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Meet the Features – Orion NPM 10.1 – Virtual Infrastructure Monitoring

Product Manager

In this blog post we highlight some more of the goods in Orion NPM 10.1: Virtual Infrastructure Monitoring.  "Wait a second," you say, "doesn’t NPM already include VMware monitoring?"  Yes, it does, but we just made it a lot better!  Previously, Orion NPM would give you performance data on your ESX hosts and any virtual machines on those hosts; however, we didn’t tell you anything about the rest of your virtual infrastructure.  That is no longer the case.  Now, Orion NPM 10.1 gives you visibility into your vCenters, Datacenters, and ESX Clusters.  Why should you care?  By providing performance monitoring information for your entire virtual infrastructure, we hope we can save you a few visits to vCenter by giving you a single pane of glass from which to monitor both your physical and virtual environments.  Let’s take a look.

VIM - tab.

The first thing you’ll notice is the new VIRTUALIZATION tab which will take you to the view in the above screenshot.  This tab is where you’ll find information about your virtualized VMware infrastructure.  Let’s take a closer look at our VMware assets.

VIM - Assets.

In this resource you’ll see your entire VMware virtual infrastructure.  Orion is able to display this data via the VMware API, which you can connect to through your vCenter server(s) or standalone ESX hosts.  With 10.1, we've moved polling for everything but interfaces, volumes, and individual VMs to the API (we're still polling these objects via SNMP).  Another thing you may notice are new status icons.  These are actually VMware statuses (not to be confused with Orion node statuses), which Orion also gets via the VMware API.  Each of the managed assets listed in the resource above are clickable which will take you to a more detailed view for that particular asset.  On this view you’ll also notice a new VMware Asset Summary resource.

VIM - Assets Summary.

This resource gives us summary information about all of the VMware assets we’re monitoring in Orion.  Next, let’s take a more detailed look at our vCenter server.

VIM - vCenter Details.

Here you see statistics on the physical server itself, node details, as well as a new resource that gives you VMware specific information about the vCenter including its VMware status, and the number of each type of VMware asset (Datacenters, clusters, hosts, and VMs) managed by the vCenter.  Let’s take a closer look at one of our clusters.

VIM - Cluster Details.

On this view you’ll notice several new resources that give you more detailed visibility into your ESX clusters.  Here we see the number of ESX hosts that are part of the cluster, as well as a new Cluster details resource that gives us summary information about the cluster.  Last, let’s take a look at the new VMware Settings page.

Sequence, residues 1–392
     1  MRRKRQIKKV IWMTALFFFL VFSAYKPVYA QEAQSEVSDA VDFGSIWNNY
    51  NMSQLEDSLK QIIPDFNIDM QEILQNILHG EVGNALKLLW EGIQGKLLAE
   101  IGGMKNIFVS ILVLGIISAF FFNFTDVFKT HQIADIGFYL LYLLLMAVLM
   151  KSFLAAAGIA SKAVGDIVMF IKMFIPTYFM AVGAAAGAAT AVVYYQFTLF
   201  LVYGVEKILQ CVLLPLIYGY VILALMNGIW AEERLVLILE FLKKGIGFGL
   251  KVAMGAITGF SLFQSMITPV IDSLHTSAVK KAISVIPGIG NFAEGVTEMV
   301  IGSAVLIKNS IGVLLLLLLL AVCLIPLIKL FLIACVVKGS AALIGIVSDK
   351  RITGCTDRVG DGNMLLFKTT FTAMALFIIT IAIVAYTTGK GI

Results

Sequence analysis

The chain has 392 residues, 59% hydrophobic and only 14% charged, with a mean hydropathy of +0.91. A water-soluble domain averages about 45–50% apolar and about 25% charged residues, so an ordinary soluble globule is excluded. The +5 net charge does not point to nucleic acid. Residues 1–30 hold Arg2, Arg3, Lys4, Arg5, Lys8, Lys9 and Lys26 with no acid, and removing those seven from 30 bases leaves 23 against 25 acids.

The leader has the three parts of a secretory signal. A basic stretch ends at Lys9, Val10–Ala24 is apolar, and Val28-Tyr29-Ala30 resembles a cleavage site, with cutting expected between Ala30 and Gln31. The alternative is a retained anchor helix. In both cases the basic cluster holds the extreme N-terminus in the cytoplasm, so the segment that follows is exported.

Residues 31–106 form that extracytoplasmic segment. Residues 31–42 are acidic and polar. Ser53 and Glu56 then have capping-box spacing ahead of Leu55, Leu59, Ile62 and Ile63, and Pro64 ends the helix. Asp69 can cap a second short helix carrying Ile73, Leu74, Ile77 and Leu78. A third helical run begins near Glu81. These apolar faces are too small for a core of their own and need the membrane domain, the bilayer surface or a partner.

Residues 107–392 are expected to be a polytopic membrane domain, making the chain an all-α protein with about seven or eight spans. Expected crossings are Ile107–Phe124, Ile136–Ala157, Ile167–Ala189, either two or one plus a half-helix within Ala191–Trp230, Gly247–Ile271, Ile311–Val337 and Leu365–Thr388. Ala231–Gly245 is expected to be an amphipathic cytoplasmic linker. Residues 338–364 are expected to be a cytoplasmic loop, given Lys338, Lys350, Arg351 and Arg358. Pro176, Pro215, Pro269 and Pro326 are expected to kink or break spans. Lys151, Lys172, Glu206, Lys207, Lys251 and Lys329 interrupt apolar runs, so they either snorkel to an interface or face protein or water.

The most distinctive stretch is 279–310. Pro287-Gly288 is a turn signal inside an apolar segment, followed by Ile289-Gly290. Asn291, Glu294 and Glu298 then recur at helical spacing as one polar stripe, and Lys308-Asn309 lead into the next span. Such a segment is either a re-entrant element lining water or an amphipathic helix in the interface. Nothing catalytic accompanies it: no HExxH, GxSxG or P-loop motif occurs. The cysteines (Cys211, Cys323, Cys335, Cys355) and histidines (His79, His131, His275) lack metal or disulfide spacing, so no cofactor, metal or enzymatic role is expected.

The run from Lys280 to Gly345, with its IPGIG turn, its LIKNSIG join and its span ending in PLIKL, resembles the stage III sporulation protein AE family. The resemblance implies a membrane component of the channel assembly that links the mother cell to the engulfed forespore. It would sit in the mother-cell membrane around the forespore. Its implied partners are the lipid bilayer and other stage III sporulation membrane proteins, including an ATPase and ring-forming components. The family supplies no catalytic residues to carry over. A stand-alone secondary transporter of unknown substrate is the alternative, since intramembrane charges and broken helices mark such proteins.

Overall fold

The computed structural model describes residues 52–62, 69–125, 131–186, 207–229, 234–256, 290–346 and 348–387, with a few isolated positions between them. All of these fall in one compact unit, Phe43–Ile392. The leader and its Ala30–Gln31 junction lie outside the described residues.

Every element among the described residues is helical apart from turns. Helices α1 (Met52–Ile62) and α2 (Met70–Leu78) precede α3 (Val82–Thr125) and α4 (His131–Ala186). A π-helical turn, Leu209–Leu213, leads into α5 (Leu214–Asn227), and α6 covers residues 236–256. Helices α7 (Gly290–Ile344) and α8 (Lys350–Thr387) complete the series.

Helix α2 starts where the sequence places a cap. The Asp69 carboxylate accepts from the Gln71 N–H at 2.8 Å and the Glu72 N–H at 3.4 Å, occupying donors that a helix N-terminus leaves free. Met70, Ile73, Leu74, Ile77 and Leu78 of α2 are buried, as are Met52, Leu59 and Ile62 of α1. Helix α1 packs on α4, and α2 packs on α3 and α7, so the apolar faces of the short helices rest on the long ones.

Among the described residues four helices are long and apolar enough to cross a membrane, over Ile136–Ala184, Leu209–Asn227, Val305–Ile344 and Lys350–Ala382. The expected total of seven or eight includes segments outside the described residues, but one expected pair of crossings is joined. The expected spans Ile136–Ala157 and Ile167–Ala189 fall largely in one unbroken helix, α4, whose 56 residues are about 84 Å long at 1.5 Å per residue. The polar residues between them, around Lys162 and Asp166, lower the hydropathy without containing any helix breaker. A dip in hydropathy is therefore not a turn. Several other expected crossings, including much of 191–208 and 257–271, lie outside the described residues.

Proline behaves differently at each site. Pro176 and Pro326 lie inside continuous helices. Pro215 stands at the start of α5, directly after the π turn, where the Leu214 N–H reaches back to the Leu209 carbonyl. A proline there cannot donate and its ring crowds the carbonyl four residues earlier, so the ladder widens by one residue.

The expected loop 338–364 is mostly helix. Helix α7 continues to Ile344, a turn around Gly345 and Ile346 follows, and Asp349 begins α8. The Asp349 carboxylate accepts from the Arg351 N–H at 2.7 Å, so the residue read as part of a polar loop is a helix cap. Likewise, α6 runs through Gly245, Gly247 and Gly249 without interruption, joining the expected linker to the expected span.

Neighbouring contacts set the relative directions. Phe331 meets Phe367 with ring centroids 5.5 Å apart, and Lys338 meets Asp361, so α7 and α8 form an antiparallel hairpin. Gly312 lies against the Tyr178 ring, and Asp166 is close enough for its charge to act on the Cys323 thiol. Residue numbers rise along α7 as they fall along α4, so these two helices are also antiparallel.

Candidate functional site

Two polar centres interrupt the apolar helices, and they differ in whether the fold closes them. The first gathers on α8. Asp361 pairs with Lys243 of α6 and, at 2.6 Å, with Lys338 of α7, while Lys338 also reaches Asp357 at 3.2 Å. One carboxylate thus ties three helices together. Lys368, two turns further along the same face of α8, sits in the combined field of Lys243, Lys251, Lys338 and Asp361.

VIM - VMware Settings.

 

On this page you’ll find all of your VMware managed nodes, and several options for managing those nodes.  From this page you can assign or edit credentials, enable or disable polling, or specify whether you want to poll through vCenter or a specific ESX host.

As you can see, we’ve added quite a few new features that give you much deeper visibility into your VMware virtual infrastructure.  These features are included in the NPM 10.1 Release Candidate.  If you’re currently participating in the Release Candidate, please let us know what you think in the NPM RC forums here!

About the Author
Let me introduce myself.  My name is Craig McDonald, and I come from the land of video games and stock trading, sprinkled with identity management, and, by the way, I like to write.  Checkered past, you say?  How did you end up in network management, you ask?  Perfectly valid questions; I will connect the dots for you and it will all make sense shortly. I studied journalism at the University of Texas at Austin where I had the opportunity to write for The Daily Texan and Texas Monthly.  Upon graduation I was faced with two options: move to a small town and start my career at an even smaller newspaper, or make a home in Austin and see where this crazy tech town would take me.  I chose the latter, and ended up working in support and managing QA for a popular MMORPG called Ultima Online (this was before WoW was a sparkle in Blizzard's eye). After a few years of policing the haXXorZ, overseeing a few in-game weddings, and shipping several expansion skus, I decided it was time for a change.  I remember the advice from one of my journalism professors when I asked about pursuing a graduate degree; his suggestion, "Go to business school!"  I heeded his advice, got accepted to the McCombs School of Business at the University of Texas, and started working on my MBA. While finishing my MBA at McCombs, I was presented with an opportunity to work for a company that developed online trading software (Charles Schwab, formerly CyberTrader).  This may seem a stretch from video games, but the client/server infrastructure and the uptime requirements for an MMORPG and a securities trading engine are quite similar.  Although the content and use cases are obviously very different, both require fast connections and the ability to allow users to log into the service at any time.  My next career move was into the enterprise software arena where I worked as a product manager for Sun Microsystems in the Identity Management space. Fast forward to today, I'm your newest product manager at SolarWinds.  I will be managing Toolset, VoiP, and eventually the Kiwi products.  Outside of the SolarWinds 'Borg' (assimilation is swift and definitive), I keep busy with my lovely wife, two beautiful kiddos, and a pug named Marley.  When they go to bed, I'm either watching a movie, reading a book (working on Atlas Shrugged, and it is work, indeed), or staring at the red circle of death on my XBOX 360.    
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